I am human.

I am not black – I am a human (who happens to have dark skin).

I am not gay – I love another human (who happens to have the same sex as I do).

I am not “trans” – I am a human (who happens to make some changes).

I am not a woman – I am a human (who happens to have breasts).

I am not a Muslim – I am a human with beliefs (which happen to be different from those of others).

I am not disabled – I am a human (who happens to not being able to walk).

We are all humans – no matter what circumstances we happen to live in or which we’re born into. Our circumstances differ in countless ways. But don’t we all breath the same air, live on the same planet, need to eat and drink to live, digest, bleed if we’re hurt, feel pain, get sad and laugh? The one thing which definitely connects us all is being human. Hating and hurting another because of skin color, sexuality, gender, ethnical background, religious beliefs etc. is to hate humans! Hating humans means to hate yourself! Stop projecting your own hatred and fear on to others! Stop hurting others because you’ve got issues with yourself and your own circumstances, your own life. Not only is this intolerable – it is unacceptable!

So, start dealing with your own being human and be gentle to yourself and to others! And if this isn’t something you can fully comprehend, just think about the term “human rights” – these are rights any human being possesses just because of being human and not because of having a certain skin color or nationality or whatever crap we make up to distinguish between inferior and superior or any other similar bias to cover up our own insecurities. And for all avowed egoists: If you’re not willing to care about the human rights of others, think about that: Violating human rights means to violate your own rights in the same instant. So be careful how you treat these rights, because with every violation which remains unpunished, ignored or accepted these rights lose worth and strength, and humans lose humanity.

For the record, I am a heterosexual white girl living in a European country. I have no experiences of being a victim of racism, homophobia or religious prosecution, so I have no expertise on that matter whatsoever, but I feel that if I would remain silent or withdraw due to the feeling of not being worthy or qualified to share my thoughts I would miss the chance of contributing anything beneficent at all. If I can inspire only one person to reflect on what I just said to maybe act more consciously or even change his/her/its mind or only a single person to feel seen or heard, I think it’s save to say: “It was worth it!”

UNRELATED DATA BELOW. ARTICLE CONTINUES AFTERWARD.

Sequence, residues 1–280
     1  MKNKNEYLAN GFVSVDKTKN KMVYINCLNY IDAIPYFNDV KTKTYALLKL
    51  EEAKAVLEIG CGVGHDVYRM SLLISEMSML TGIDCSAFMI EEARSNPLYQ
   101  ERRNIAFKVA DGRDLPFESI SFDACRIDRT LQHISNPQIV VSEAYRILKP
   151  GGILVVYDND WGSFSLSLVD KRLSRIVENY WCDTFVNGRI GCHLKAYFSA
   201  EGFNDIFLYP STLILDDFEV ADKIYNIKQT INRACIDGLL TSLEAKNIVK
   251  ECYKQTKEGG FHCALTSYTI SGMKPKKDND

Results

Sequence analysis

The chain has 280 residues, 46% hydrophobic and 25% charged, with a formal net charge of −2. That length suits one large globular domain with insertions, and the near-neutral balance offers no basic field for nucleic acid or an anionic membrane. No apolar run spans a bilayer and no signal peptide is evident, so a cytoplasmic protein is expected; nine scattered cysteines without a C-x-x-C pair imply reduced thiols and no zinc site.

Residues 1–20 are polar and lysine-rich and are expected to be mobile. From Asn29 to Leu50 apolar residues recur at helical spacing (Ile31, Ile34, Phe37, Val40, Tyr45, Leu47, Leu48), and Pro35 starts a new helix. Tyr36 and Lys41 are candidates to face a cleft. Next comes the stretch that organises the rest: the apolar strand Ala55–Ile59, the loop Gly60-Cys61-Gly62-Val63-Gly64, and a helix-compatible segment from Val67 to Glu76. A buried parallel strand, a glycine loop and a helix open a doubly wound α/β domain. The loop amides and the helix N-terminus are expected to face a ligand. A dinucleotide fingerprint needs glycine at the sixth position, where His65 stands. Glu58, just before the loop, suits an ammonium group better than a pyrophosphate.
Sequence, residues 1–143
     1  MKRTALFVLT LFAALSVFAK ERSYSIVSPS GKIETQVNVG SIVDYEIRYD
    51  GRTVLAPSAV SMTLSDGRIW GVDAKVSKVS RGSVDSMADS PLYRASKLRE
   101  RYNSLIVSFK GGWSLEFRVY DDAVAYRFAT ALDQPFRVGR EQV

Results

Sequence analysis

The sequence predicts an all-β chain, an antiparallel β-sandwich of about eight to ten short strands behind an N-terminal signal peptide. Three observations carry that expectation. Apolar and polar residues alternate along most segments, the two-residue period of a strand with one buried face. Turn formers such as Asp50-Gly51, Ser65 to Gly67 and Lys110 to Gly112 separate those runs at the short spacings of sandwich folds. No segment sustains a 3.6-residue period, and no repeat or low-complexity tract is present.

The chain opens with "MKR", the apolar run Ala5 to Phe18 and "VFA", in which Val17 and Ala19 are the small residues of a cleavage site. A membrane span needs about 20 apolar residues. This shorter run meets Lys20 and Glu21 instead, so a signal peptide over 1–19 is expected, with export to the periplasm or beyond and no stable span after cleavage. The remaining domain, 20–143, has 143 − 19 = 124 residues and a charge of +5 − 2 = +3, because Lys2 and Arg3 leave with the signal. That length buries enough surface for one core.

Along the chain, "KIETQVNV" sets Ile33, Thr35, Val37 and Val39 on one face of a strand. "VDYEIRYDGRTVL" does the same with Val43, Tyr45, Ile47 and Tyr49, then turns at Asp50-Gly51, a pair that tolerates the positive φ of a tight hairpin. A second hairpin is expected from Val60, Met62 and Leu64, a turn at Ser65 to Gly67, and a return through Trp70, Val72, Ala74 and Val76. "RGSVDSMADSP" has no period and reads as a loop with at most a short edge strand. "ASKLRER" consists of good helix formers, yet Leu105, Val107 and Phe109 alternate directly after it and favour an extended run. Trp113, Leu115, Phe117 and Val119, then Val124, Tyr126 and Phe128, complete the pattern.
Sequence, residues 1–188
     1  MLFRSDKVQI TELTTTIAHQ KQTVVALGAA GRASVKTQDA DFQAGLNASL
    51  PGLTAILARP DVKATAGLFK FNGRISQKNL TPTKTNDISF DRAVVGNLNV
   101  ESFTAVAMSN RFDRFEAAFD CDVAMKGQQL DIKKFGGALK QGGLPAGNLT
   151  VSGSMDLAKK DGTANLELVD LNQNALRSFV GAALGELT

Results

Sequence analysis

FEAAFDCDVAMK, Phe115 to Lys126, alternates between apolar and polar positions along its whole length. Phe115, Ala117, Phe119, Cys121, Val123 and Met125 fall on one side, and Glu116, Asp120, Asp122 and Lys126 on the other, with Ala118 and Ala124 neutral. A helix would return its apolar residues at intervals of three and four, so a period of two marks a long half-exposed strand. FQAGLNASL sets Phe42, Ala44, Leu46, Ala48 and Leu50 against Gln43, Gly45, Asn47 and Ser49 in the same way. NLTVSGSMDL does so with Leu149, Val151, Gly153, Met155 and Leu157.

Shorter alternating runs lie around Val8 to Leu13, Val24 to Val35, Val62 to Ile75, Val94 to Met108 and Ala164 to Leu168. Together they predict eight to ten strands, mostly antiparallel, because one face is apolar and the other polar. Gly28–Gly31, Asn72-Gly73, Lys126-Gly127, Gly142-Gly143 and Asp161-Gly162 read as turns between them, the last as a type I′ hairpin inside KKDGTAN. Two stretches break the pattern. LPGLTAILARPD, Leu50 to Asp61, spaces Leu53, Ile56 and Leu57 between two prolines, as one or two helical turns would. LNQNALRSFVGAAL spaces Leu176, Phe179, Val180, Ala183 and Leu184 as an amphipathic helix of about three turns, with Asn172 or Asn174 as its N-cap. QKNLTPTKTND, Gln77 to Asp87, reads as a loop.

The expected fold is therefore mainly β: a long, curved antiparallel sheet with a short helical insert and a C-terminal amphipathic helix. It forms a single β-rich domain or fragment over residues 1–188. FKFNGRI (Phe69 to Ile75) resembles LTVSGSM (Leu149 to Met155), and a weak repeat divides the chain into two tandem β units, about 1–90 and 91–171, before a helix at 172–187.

From COVID-19 to fighting racism?!

Simply, it’s sad and frustrating that we seem to be able to overcome COVID-19, and then, out of sheer stupidity of a man who should actually save lives, are forced to take to the streets to fight racism. If this is not a sign that we should do better in reflecting on our human behavior, then what is?

COVID-19, spreading humanity?

In the past few days some thoughts came to my mind that I would like to elaborate on.

The first thought, it’s more of a question though, appeared as I left the drug store after my first visit since the corona virus outbreak had reached Austria: Why is it so hard to be friendly while keeping spacial distance? I know, we have to wear face masks and keep a certain distance and that these times are not easy, but does that mean we cannot greet each other? “A smile goes a long way” it says and, yeah, while wearing masks we don’t see each other’s mouths, but we can smile with our eyes or our voice or our words or even our body language.

There’s kind of a paradox going on it seems. While on the one hand people get out on their balconies to sing and cheer together, excited to show solidarity, on the other hand they just stare and don’t have a single “hello” to spare or buy so much toilet paper that the others can’t get any. I’m puzzled. For Austrians keeping distance emotionally seems to be a lot easier than keeping distance spatially, not only during corona though.

Second, it is often stated these days that people show more solidarity and humanity in this time of crisis. And I begin to wonder: What is humanity? What distinguishes ‘to act humanly’? What makes a certain behavior being considered inhumane? I always liked to think of behaving humanly as being respectful, giving, compassionate and understanding, which is surely true. But while reflecting on the meaning of it I came to think that there are characteristics which as well are part of humanity, like fear and suspicion that are not considered as praiseworthy. Of course, these could in a way be connected to our survival instinct.

So what shows up in this time of crisis? What is it we truly choose when we choose to show more humanity? Is it the compassionate and helping facet? Or is it the distrusting one? Or is it both, but intensified? I think for the most part we are able to decide which part gets stronger and which part we want to give to this world – not only in times of crisis. I would like to raise two subsequent questions to reflect on: Is there another disease spreading besides corona that is much more powerful and much more to be feared? And is this why we now have to face the corona virus pandemic to make meaningful decisions as humans?